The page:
Monday, May 21, 2012

Writing in Our Classroom

I am sharing my love of the written word in partnership with the Superb Writers’ Blogathon. Sponsored by Grammarly grammar checker, this series is bringing helpful hints to aspiring superb writers all across the world wide web.

Writing in our little corner of the school is constantly evolving and growing!  Like most subjects, the way we teach writing changes from year to year, class to class, and often student to student.  This year I was surprised to find that a lot of our third graders had poor handwriting...a few were nearly illegible!  I kid you not!  So I started with the basics.  We generally begin teaching cursive at the beginning of third grade, but my kiddos were not ready for that this year!

I had to improve their handwriting skills, so we talked and talked about the importance of neat handwriting.  I wrote on the board in different levels of "sloppiness", and we discussed how easy or hard it was to read the different examples.  

I found a great way to illustrate and discuss neat handwriting that was relatable for the kids thanks to Rachelle at What the Teacher Wants. I introduced "the handwriting house" to my kiddos soon there after, and it made it so easy to talk about neat writing!  Here is a peek at the handwriting house anchor chart I made for my class!

All capital letters and the tall lowercase letters touch floor and the roof.  Most lowercase letters like a, e, m, and v sit on the floor and look out of the window.  Letters like g, y, and p sit on the floor and hang out in the basement.  It's a really easy way to talk about letter formation with the kids. It's something they can all relate to pretty easily!

Since we straightened out our writing and learned the correct letter formation we could move on to doing some real writing!  My biggest problem obstacle in writing is grading their work and giving them feedback...especially timely feedback!  I was always so overwhelmed with all of those papers...all of that writing staring back at me, page after page.  There always seemed to be something more pressing that I had to do!  When I did manage to get everything checked and make all of the notes they would need, there was so much on the page that the kids were overwhelmed!  They didn't know where to start to make their corrections!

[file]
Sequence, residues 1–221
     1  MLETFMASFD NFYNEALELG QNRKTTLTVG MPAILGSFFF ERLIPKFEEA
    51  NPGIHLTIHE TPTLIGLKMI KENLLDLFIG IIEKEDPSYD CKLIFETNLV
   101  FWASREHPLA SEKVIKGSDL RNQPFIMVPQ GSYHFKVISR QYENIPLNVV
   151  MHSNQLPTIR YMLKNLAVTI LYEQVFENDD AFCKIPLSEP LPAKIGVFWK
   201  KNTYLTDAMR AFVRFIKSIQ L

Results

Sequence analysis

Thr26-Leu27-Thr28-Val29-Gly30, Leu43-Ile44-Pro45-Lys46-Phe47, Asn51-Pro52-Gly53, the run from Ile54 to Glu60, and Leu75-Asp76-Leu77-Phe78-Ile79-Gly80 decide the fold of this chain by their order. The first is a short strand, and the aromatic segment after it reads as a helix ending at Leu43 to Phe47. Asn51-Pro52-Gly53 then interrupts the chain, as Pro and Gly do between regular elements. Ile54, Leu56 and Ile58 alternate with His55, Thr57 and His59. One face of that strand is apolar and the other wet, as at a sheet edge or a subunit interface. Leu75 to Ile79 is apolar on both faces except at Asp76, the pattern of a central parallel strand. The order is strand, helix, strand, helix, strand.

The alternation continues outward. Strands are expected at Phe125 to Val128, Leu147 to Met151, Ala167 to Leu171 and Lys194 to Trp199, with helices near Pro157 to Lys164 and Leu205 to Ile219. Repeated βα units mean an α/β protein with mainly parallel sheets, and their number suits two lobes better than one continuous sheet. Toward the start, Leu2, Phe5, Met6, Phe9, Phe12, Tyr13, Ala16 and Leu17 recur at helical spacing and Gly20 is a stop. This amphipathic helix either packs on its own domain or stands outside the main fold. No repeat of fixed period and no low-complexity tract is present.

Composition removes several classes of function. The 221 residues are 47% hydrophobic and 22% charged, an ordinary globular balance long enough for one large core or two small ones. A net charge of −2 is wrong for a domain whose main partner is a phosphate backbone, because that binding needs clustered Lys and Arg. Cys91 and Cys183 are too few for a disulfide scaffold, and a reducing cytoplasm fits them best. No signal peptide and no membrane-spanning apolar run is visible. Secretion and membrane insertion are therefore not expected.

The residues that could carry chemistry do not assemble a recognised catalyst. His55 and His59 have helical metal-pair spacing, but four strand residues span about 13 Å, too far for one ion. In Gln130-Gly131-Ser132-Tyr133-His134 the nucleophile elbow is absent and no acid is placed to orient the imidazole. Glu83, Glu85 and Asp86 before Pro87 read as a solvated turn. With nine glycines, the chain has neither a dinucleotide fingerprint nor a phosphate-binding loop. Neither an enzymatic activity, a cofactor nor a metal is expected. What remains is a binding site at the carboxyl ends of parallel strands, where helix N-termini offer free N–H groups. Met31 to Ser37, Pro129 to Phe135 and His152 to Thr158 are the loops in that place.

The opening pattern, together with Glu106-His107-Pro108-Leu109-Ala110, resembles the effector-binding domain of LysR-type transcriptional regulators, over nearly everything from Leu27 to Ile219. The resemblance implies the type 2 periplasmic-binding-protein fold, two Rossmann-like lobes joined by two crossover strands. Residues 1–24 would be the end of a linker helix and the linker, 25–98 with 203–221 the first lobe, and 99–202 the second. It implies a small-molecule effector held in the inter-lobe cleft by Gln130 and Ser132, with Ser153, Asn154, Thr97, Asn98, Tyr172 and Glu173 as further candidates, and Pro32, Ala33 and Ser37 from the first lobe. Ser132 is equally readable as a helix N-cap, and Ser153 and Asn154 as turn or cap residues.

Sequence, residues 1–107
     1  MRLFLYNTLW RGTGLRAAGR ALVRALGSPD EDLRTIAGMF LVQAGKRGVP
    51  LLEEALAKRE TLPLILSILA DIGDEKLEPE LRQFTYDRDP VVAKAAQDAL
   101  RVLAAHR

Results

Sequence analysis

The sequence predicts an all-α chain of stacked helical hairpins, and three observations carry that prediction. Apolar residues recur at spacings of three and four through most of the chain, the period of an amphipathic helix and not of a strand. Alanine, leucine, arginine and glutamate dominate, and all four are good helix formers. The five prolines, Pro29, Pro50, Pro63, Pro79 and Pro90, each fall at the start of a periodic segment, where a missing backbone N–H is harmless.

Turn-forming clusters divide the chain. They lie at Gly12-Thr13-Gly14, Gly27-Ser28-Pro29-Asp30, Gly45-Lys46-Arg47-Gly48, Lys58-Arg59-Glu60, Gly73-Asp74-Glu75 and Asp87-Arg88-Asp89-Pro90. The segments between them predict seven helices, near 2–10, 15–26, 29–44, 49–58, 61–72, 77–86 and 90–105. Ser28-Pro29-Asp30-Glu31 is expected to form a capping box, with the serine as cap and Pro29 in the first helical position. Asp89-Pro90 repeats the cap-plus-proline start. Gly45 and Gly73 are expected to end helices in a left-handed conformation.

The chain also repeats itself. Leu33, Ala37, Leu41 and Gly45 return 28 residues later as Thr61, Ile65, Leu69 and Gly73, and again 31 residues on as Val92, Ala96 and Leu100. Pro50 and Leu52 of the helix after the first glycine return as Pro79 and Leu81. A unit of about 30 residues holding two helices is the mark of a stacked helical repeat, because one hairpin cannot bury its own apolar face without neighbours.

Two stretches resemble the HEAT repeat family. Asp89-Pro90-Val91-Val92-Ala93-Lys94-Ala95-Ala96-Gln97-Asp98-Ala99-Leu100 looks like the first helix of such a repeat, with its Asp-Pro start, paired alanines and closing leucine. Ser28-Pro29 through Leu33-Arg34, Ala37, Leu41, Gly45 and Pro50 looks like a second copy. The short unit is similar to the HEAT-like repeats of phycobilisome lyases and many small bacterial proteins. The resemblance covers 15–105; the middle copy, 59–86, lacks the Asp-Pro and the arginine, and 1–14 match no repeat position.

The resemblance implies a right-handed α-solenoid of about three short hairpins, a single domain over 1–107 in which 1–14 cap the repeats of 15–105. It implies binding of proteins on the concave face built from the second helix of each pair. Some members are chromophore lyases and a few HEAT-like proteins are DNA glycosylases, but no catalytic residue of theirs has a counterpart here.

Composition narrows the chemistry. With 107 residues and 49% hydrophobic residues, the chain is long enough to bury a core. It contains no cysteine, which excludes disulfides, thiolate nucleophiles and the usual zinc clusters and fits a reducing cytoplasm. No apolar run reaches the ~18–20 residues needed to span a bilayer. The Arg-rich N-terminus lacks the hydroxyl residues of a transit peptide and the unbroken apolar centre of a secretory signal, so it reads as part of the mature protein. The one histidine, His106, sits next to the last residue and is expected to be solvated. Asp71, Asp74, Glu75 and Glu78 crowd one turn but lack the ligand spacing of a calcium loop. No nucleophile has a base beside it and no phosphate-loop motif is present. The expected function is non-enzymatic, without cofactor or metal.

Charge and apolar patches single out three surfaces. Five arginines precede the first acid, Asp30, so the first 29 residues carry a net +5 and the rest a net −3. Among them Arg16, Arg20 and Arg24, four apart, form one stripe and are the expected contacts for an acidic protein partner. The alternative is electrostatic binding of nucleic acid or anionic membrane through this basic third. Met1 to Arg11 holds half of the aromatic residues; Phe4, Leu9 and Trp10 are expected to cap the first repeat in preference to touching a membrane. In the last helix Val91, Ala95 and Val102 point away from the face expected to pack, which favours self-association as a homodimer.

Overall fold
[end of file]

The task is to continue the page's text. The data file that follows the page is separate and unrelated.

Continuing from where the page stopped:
I think I have finally found a solution that works for me and for the kids!  I've found that it's unreasonable to expect my third graders to do everything right at the beginning of the year, so now we take it a little bit at time.  Instead of marking every mistake on their very first piece of writing and destroying their confidence, I focus on the things that I know they have learned!  I'll check for capital letters, end marks, and complete sentences in their first piece of writing, and we add more conventions of writing to that as we progress through the year.

Another thing that I have begun doing this year is allowing more time for peer editing and self assessment of the kids' writing.  I love allowing them the opportunity to look for mistakes before I do.  It gives them an extra opportunity to improve their work and more practice in finding the little mistakes that we all look over sometimes.  We do this from the beginning of the year on, and we always remind each other of the importance of checking our friends' work respectfully.  I use checklists or rubrics to lead my little editors in the right direction and remind them what they're looking for.  Whenever possible I print the checklists or rubrics on sticker paper, and we stick them right into a corner of the work we're looking over.   

This is one of the checklists we used about 3 months into the year.  We had already learned about the parts of a letter and practiced writing letters together in class.  

We used this peer editing checklist after writing a letter to Santa!  As the editor looked over their friend's letter they marked any mistakes they saw and then filled out the checklist.  Click on the picture to download your own copy! {{Updated May 30 to correct download link - sorry for the mistake!}}

I've used peer editing and self-assessment in other ways in my classroom as well.  You can see one of the checklists I used near the end of the year in my blog post about our adventures with the hilarious "Sideways Stories from Wayside School" by Louis Sachar!  Next year I want to keep improving my writing instruction and implement writer's workshop in my classroom!  

How do you make grading writing assignments and giving feedback a more manageable task in your class?  Do you have any tips for a writer's workshop beginner?  
There's always more to learn!

Happy writing!

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